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Geothermal power plants can meet the most stringent clean air standards. They emit little carbon dioxide, very low amounts of sulfur dioxide, and no nitrogen oxides. See Charts 1, 2, and 3 below.
- 4.1 million tons of carbon dioxide
- 80,000 tons of nitrogen oxides
- 110,000 tons of particulate matter
The small quantities of gases emitted from geothermal power plants aren't created during power production because there's no combustion. These gases are natural, minor constituents of all geothermal reservoirs. They eventually would vent to the atmosphere without geothermal power development, although at much slower rates. Dry steam and flash steam power plants emit mostly water vapor. Binary-cycle power plants emit virtually no gases because they operate using a closed-loop system.
Also, the common practice by geothermal power plants to inject geothermal fluids back into reservoirs to sustain resources has diminished their carbon dioxide emissions. Carbon dioxide emissions from the Dixie Valley geothermal "flash" power plant in Nevada decreased 39 percent when it started using this practice in 1992.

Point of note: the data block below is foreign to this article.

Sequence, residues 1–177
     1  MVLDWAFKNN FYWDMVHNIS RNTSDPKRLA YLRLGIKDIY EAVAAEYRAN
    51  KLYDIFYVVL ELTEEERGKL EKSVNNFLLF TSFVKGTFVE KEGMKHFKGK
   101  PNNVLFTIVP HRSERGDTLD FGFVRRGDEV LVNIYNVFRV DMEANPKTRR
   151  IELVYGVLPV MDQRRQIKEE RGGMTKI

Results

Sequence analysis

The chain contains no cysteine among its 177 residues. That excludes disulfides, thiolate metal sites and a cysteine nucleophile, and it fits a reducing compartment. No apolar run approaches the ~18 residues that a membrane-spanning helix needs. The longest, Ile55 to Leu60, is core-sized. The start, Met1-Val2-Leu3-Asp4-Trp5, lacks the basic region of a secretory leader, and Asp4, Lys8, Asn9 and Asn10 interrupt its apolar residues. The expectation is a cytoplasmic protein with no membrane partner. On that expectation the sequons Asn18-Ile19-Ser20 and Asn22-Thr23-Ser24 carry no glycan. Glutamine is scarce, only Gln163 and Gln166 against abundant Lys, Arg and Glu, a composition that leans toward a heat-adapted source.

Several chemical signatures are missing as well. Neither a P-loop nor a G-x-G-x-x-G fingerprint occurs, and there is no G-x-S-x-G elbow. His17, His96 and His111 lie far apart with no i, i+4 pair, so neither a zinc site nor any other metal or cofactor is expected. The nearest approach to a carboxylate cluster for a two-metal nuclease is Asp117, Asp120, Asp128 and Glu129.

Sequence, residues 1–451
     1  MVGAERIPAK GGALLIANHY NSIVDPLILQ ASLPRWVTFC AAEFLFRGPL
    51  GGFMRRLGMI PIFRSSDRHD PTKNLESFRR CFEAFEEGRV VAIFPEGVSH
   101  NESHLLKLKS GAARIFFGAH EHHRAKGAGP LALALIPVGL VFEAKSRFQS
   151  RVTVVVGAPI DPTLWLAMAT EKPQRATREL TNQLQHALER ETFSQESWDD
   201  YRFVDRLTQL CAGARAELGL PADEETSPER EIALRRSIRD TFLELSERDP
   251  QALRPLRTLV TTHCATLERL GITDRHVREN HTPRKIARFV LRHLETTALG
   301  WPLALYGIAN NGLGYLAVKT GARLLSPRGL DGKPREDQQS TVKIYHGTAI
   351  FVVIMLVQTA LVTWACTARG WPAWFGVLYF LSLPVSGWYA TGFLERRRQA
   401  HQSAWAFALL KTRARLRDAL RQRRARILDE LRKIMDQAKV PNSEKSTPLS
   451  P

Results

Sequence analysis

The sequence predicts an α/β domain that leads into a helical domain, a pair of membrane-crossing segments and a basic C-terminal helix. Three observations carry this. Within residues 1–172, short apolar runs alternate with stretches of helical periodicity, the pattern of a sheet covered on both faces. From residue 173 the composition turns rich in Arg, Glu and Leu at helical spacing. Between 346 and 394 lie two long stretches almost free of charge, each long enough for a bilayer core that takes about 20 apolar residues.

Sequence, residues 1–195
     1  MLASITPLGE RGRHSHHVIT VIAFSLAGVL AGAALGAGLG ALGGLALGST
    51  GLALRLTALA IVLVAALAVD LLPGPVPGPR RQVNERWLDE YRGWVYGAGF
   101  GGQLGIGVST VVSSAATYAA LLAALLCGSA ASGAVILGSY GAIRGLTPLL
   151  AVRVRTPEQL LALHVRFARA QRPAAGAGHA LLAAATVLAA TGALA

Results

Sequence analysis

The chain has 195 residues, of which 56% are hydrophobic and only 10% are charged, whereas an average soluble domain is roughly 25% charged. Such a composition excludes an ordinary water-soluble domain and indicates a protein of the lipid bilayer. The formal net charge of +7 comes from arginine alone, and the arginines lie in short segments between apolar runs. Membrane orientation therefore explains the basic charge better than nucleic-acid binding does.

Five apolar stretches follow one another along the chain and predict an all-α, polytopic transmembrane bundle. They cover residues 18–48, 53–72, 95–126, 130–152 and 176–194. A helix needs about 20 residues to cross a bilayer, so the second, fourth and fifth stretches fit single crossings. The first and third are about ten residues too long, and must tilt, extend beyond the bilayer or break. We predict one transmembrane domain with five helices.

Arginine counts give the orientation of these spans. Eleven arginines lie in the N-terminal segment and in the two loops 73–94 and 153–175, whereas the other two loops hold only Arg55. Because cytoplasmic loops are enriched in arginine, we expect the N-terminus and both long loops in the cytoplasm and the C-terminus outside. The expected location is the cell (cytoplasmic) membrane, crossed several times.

Gases released from geothermal fluids may also include hydrogen sulfide, which causes the characteristic sulfurous odor often evident near natural hot springs. But typical emissions of hydrogen sulfide from geothermal power plants are less than 1 part per billion—well below what people can smell. In fact, most geothermal power plants produce such low concentrations of hydrogen sulfide that they require no special controls to comply with most state and federal emission standards. However, at The Geysers in California, the steam contains up to 0.15 percent hydrogen sulfide by weight, but treatment processes remove more than 99.9 percent of emissions.
U.S. Department of Energy laboratories continue to investigate even more efficient processes for detecting and treating gases and particulate matter produced by geothermal power plants. See Geothermal Process Gas Monitorsfor more information.
Visit the U.S. Environmental Protection Agency Web site for more information on: